Peking University on June 4th: 2009 is not 1989, and neither is it 1984

To no one’s surprise, there’s nothing more than a quiet breeze on the campus of Peking University twenty years after hundreds of its students were killed. To mark the occasion, a few quick thoughts on the back of a year studying Chinese in Beida (short-hand for PKU) as a foreign student:

  • What strikes me in terms of students speaking out openly is the absence not only of the anti-authority voices which identified their predecessors twenty years ago, but the absence of any kind of open engagement with contemporary politics that you expect in a top university, and see in universities everywhere else in the world. Their silence over the Sun Dongdong incident on their own campus is a good example (I blogged about it here).
  • It’s not just that they know their futures will be better served in a stable political environment and they have more to lose than previous generations (the obvious point). It’s that the majority has an iron belief in the current administration as working successfully to give them a better life. And it was talking with students on May 4th which made it clear to me the extent to which their priorities have changed from patriotism to individualism.
  • This all isn’t to say, of course, that there’s no kind of political discussion going on about the “incident” in Beida. There’s a lot. It just isn’t out in the open air for the world – and it’s reporters – to witness. It’s in quiet dorms and crowded canteens. I think the angle of students being intimidated into silence is wildly overplayed in some of the Western media (not to name names or anything). Yes, students are acutely aware of the risks of speaking up, but our press should stop feeding the misconception that China is something out of ‘1984’ where 1989 is concerned.
  • There is a very clear control in China over information about what happened twenty years ago last night (James Fallows discusses this on his blog). As Leonidas put it to me, “sometimes a student won’t talk about it not because he doesn’t want to, but because he doesn’t know about it”. Tony, on the other hand, dismissed off-hand the idea that Beida students are in the dark: information seeps easily enough onto the internet.
  • But it’s apparent that their dorm discussions are in a different ballpark to those of their counterparts two decades ago. While democracy is still an appealing model, Western ideas no longer hold sway for them purely on merit of being Western. Most consider themselves less naive than their predecessors, and believe that radical reform or protesting simply isn’t the way to fix China’s problems – just as some think of their futures as brighter for the failure of 1989 and the economic miracle which followed it.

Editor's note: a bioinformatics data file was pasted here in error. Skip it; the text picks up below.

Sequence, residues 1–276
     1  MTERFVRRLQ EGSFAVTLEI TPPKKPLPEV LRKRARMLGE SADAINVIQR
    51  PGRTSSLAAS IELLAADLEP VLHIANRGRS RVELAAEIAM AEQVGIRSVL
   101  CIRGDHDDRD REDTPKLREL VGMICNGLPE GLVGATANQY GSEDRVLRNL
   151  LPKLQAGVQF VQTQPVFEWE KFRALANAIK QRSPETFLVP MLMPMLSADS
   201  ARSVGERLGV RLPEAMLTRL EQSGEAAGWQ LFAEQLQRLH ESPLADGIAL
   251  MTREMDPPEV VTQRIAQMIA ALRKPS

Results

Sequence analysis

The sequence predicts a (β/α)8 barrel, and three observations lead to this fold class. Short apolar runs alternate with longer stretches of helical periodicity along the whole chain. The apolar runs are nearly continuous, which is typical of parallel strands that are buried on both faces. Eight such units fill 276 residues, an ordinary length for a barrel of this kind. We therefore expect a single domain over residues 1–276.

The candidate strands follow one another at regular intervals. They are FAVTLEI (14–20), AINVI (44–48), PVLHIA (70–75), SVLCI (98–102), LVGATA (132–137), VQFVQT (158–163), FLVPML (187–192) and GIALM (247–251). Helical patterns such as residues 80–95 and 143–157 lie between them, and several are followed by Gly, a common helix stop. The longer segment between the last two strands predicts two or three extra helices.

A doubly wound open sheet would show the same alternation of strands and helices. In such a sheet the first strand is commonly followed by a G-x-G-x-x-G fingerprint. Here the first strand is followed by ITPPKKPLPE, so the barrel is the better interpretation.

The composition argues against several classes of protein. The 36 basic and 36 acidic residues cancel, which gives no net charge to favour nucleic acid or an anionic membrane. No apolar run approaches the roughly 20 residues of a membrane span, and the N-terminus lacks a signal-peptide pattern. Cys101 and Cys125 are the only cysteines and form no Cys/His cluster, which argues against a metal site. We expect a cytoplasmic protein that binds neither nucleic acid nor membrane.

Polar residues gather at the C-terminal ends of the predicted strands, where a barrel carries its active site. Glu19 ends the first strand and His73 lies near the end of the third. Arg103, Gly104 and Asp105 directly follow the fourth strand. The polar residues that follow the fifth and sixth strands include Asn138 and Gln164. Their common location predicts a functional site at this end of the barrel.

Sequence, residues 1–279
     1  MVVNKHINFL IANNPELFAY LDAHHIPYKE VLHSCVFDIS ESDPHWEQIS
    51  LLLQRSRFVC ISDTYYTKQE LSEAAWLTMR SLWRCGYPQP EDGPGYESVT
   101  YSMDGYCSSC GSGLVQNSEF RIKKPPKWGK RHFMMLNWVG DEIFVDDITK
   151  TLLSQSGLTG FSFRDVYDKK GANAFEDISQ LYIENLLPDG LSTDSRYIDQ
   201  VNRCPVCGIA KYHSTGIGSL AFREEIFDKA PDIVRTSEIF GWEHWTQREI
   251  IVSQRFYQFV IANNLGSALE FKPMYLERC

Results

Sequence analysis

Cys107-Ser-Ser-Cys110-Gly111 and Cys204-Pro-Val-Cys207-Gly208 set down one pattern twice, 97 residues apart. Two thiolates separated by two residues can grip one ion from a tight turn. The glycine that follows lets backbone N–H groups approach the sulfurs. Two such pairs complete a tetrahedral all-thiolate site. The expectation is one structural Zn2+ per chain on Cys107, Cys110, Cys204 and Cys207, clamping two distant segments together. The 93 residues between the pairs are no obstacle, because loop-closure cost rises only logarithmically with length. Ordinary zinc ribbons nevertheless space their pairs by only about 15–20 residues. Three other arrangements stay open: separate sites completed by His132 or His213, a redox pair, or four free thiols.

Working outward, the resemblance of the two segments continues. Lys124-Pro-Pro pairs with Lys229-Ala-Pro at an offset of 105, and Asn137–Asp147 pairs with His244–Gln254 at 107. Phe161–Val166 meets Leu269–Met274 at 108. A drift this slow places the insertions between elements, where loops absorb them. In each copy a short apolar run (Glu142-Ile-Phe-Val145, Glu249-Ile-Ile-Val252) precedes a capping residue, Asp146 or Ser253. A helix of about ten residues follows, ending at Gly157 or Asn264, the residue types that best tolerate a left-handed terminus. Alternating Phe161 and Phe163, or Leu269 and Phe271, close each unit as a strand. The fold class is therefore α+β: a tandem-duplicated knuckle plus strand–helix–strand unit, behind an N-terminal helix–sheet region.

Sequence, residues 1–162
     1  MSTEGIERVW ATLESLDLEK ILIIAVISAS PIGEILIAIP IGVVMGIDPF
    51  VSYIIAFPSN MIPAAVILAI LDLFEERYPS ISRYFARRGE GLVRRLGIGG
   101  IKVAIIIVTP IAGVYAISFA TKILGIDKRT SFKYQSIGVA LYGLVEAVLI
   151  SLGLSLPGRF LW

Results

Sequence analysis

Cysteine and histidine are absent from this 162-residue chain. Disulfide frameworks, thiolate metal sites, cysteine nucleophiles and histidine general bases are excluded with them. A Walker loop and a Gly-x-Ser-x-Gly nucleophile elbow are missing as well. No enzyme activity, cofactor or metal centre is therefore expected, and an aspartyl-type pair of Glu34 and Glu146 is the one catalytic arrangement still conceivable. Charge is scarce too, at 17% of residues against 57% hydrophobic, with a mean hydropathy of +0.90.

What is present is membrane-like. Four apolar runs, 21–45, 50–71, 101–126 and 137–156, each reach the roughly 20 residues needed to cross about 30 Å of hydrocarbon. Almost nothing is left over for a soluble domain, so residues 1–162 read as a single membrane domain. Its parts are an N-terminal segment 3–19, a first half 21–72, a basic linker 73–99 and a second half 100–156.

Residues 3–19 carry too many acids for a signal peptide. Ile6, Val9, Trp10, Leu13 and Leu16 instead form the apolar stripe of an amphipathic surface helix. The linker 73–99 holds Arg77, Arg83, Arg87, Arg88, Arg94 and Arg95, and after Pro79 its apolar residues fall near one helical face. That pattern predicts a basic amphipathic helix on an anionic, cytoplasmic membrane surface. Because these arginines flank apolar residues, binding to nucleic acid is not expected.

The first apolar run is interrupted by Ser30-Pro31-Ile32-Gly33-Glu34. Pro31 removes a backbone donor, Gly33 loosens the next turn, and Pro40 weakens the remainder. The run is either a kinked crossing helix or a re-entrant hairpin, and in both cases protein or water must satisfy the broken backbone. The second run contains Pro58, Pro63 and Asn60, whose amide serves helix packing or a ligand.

All in all, two points: PKU today is as far from 1989 as it is from Orwell’s 1984. I’ll leave the final words with Tony on how fast the game is changing:

I recognise that the government now just does not want to mention [the incident], only to escape from it. … Ten years in the future [they] will probably just need to publish a conclusion on the 80s, mentioning ‘something really bad in 1989, which was the only choice we could take’. And then the problem is over.

My thoughts go out to the families of those who were killed that day. We will not forget it.


P.S. While I’m on topic, Tony tells me from a friend of his doing an internship with CNN Beijing that CNN will be coming onto PKU campus today to conduct interviews with students. What exactly do they expect the students to say? Surely not anything … oh I don’t know, mildly interesting? Expect lots of Communist Youth League members smiling into camera.

And to those kind folks who have recently blocked Twitter and Flickr in China: besides my twitter-box top-left, I use Flickr to display all photos on this blog, now invisible to anyone in China without a proxy until I move them. I see you are branching out into web design, internet police. Thanks for your constructive criticism: I really did need more white space.


  1. Not sure if you had the chance to listen in on the average history/politics course all Chinese students are required to take in college. If you did, you’ll probably find a interesting phenomenon that every time we get to the 1960s, sometimes it starts from the 1950s, the class seems to magically “run out of time”. So the teachers always omit that part and start planning for tests. I wonder if any of you foreigners know that the common belief among us is that June 4th was caused by a bunch students who got by power-hungry politicians.

  2. In China it is very diffcult to know about this…

  3. I have been reading your blog for awhile, I just got back to the US after studying for a semester in China. First time commenter, I think, as long as the CCP preforms adequately, delivering both economic and social improvements to a majority of the people, then people will be satisfied. If this performance does not continue then there is a possibility for China to change. Asia Chronicle (www.asiachroniclenews.net) is a valuable news source to add to your daily read.

  4. the CCP`s strategy is changing the history and the memory of the chinese people, same as “1984”. some young chinese refuse to know the truth, that`s really pity. fortunately, there`s still a lot of people won`t forget that around the world.

  5. as a Chinese, I feel sad,too. But there ARE students who know about it, and think long and hard about it. However,we just decided to shut up.

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